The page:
Thomas Jefferson Papers
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From Thomas Jefferson to David Humphreys, 11 September 1793

To David Humphreys

Philadelphia Sep. 11. 1793.

Dear Sir

I have to acknolege yours of May 19. 29. and July 20. being Nos. 72. 73. and 76. It is long since I wrote to you, because I knew you must be where you could not receive my letters: and perhaps it may be sometime before I write to you again on account of a contagious and mortal fever which has arisen here, and is driving us all away. It is called a yellow fever, but is like nothing known or read of by the Physicians. The week before last the deaths were about 40. the last week about 80. and this week I think they will be 200. and it goes on spreading. All persons who can find asylum elsewhere are flying from the city: this will doubtless extend it to other towns, and spread it through the country unless an early winter should stop it. Colo. Hamilton is ill of it, but is on the recovery.—The Indians have refused to meet our Commissioners unless they would agree to the Ohio as our boundary, by way of Preliminary article. This being impossible because of the army locations and sales to individuals beyond the Ohio, the war is to go on, and we may soon expect to hear of Genl. Wayne’s being in motion. The President sat out for mount Vernon yesterday, according to an arrangement of some time ago. Genl. Knox is setting out for Massachusets, and I think to go to Virginia in some days. When and where we shall reassemble will depend on the course of this malady. I have the honour to be with great & sincere esteem & respect Dr. Sir Your affectionate friend & servt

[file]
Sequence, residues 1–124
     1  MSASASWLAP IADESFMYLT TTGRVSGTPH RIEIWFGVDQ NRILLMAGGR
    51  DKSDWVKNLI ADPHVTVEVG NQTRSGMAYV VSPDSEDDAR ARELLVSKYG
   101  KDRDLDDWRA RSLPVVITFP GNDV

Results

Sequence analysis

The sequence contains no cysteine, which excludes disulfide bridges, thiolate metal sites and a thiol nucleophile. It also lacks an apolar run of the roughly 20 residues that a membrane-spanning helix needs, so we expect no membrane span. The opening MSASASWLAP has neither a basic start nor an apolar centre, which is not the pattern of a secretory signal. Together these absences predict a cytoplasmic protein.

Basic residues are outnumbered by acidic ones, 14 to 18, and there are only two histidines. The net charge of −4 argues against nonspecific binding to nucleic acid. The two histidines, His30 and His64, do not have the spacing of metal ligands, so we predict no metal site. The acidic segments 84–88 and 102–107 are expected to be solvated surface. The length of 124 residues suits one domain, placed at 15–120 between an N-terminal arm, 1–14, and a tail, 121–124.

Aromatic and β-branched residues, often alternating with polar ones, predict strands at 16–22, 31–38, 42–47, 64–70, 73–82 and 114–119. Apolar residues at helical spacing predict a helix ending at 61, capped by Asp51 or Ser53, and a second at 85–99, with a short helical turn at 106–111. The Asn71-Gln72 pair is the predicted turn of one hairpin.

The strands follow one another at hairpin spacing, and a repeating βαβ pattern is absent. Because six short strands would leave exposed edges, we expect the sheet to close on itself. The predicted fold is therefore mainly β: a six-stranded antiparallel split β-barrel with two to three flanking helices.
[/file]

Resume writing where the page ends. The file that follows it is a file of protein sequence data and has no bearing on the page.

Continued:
Th: Jefferson

RC (NjP: Andre deCoppet Collection); at foot of text: “Colo. Humphreys”; endorsed by Humphreys as received 25 Jan. and as answered 30 Jan. 1794. PrC (DLC). FC (Lb in DNA: RG 59, DCI).

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